Inett, John (DNB00)
INETT, JOHN (1647–1717), church historian, was descended from a Huguenot family, Inette of Picardy, which settled in England. His father, Richard Inett, married a lady of the family of Hungerford of Down Ampney, Gloucestershire, and lived on a small income at Rock, near Bewdley. For the sake of the education of his children he removed to Bewdley, where John, his second son, was brought up at the grammar school. At the age of fourteen John was given an exhibition on the foundation of the Earl of Leicester, and went up to University College, Oxford, in 1661. He was not, however, matriculated till 17 July 1663 (University College Admission Book); he graduated B.A. in 1666 and M.A. in 1669. He received a special privilege, for he was ordained deacon by the Bishop of Gloucester on 22 Sept. 1667, when he had not completed his twenty-first year. This is the more remarkable as it does not seem to have been done with any immediate view to clerical work. Inett apparently pursued his studies at Oxford, where after a time he was presented to the rectory of St. Ebbe's. There he made the acquaintance of Thomas Barlow, afterwards bishop of Lincoln, who recommended him to Sir Richard Newdigate, on whose recommendation he was presented by the crown to the vicarage of Nuneaton, Warwickshire, in 1678, and acted as Newdigate's chaplain at Arbury. There, in 1680, he married Mary, daughter of the Rev. Richard Harrison, chancellor of the cathedral church of Lichfield. On 1 Aug. he preached an assize sermon at Warwick, which was published. It shows that Inett had caught the proper spirit of his age, combined loyalty to the king with detestation of popery, and was dexterous in recommending this combination as the panacea for political and religious discontent. In February Bishop Barlow appointed him precentor of Lincoln Cathedral, and in 1685 he was presented by the dean and chapter to the living of Tansor in Northamptonshire. In 1688 he published a little book of devotions, 'Guide to the Devout Christian,' to which he added a second part in 1692, 'Guide to Repentance.' These books enjoyed considerable popularity in their day; in 1764 were issued the sixteenth edition of the first and the tenth edition of the second. In 1700 he was appointed chaplain in ordinary to William III. Perhaps because Cambridge was nearer Lincoln than Oxford, and he wished to use its library, he was incorporated member of St. John's College, Cambridge, in 1701, and took the degree of D.D. in that university, to which he sent two of his sons. In 1706 he resigned the living of Tansor in favour of his son Richard, and took instead that of Clayworth, Nottinghamshire. In 1714 he was presented by the crown to the more valuable living of Wirksworth, Derbyshire (Cox, Derbyshire Churches, iv. 521). He died in 1717, and a simple tablet was erected by his widow to his memory in Lincoln Cathedral (Willis, Cathedrals, p.542).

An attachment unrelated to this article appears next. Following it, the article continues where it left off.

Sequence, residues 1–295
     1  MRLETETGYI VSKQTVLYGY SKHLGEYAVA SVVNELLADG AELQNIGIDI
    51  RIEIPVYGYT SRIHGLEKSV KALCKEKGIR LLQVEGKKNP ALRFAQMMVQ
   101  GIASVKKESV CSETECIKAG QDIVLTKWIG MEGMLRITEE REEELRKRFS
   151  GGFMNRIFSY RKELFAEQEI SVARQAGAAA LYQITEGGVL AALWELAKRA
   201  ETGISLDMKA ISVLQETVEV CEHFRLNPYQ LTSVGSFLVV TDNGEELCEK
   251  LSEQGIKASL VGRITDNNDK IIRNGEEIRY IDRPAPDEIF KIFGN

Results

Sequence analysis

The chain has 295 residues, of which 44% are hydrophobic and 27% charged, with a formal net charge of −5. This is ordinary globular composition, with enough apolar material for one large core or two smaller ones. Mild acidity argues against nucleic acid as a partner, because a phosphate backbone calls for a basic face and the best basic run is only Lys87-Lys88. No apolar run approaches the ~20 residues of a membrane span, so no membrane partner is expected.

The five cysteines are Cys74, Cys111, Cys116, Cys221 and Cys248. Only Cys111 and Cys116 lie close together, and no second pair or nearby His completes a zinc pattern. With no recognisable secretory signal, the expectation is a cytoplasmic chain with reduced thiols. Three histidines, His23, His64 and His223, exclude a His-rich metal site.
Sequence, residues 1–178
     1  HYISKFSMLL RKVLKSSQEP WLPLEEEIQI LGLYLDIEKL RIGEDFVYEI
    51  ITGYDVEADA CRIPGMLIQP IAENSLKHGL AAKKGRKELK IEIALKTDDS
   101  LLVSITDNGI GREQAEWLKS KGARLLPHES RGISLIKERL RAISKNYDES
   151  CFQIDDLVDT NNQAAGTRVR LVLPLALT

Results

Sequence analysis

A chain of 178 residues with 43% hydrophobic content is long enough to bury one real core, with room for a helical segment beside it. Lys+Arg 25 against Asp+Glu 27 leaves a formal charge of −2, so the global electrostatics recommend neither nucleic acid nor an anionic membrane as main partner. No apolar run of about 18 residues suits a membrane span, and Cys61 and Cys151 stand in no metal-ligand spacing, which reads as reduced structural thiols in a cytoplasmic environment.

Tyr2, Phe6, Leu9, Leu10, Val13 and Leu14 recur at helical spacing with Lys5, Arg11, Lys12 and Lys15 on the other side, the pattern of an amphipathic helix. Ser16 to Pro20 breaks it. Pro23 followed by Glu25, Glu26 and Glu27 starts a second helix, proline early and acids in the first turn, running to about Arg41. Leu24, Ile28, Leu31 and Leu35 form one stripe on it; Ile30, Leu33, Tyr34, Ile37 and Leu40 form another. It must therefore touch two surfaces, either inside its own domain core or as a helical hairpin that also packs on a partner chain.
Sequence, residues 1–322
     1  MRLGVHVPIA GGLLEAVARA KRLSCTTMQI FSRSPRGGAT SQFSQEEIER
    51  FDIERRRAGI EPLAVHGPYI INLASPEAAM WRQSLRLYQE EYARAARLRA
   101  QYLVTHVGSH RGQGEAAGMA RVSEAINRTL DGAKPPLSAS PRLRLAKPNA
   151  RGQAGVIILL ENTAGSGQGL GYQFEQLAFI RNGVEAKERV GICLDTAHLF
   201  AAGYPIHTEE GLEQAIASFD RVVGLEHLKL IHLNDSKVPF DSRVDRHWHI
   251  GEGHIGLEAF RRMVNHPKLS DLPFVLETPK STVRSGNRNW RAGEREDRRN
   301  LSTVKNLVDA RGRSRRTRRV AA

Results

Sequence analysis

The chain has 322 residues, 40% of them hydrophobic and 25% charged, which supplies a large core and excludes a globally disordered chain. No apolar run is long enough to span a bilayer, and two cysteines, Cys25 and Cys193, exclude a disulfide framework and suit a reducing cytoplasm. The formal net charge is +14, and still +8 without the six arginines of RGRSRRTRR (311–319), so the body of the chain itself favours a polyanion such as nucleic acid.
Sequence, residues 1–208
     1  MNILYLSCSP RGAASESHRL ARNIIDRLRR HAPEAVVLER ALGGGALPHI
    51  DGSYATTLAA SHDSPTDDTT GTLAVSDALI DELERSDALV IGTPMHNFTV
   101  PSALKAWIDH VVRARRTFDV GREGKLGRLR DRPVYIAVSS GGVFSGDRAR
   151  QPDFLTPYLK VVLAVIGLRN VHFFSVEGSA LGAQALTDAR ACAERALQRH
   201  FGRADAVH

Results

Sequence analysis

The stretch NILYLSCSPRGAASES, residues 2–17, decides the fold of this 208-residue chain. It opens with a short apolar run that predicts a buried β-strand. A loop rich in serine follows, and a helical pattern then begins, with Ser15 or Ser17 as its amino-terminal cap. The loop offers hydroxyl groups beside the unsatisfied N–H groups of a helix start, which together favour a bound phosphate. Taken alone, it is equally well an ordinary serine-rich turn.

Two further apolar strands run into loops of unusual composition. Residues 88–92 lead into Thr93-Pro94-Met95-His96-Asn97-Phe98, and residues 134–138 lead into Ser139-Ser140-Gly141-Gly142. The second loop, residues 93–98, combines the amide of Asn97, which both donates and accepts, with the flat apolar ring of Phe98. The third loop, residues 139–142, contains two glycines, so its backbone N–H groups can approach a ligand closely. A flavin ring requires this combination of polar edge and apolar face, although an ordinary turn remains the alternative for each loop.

Inett's claim to remembrance rests on his book 'Origines Anglicanæ,' of which the first volume was published in London in 1704. His object in writing was to fill the gap between two great books of his own time, Stillingfleet's 'Origines Britannicæ' and Burnet's 'History of the Reformation.' In this undertaking he was helped by the advice of Kennett (Ballard MSS., Bodleian Library, xv. 26, 27), and his first volume was well received. It was, however, full of printers' errors, sorely to Inett's annoyance; and when the second volume was ready he made over the copyright to the Oxford University Press, by which it was printed in 1710. Advancing years prevented him from fulfilling his original design, and his two volumes folio only embrace the history of the English church from 401 to 1216. His book is well and clearly written, and is chiefly concerned with tracing the progress of papal aggression on the liberties of the English church. It has the merit of pursuing definite points and is well arranged; but it is not conceived on a high level of scholarship or accuracy. It had a certain vogue in its own time, and was republished, edited by Griffiths, Oxford, 1855; but the frequent corrections required from the editor show that the mistakes were due to the author as much as to the printer. At the time of the appearance of the book Hearne judged that Inett depended too much on second-hand authorities, had no knowledge of manuscript authorities, and said little that was new; but he regarded him as `vir plane probus et integer' (Collections, ii. 337, iii. 46, 195). As a matter of fact Inett's book was rapidly superseded by Collier's 'Ecclesiastical History,' which was founded upon sounder knowledge. Inett, indeed, was rather a man of scholarly tastes than a student. Browne Willis speaks of his 'Collections' as being useful to him for his 'Survey of Lincoln Cathedral' (p. 88).[Life by Griffiths prefixed to the edition of the Origines, 1855; Kennett's Collections, Lansdowne MS. 987, f. 244; Wood's Fasti Oxonienses, ed. Bliss, ii. 308; Nicholson's Historical Library, pp. 102, 109; Hearne's Collections (Oxford Hist. Soc.), i. 322; Nichols's Literary Anecdotes, iv. 450.]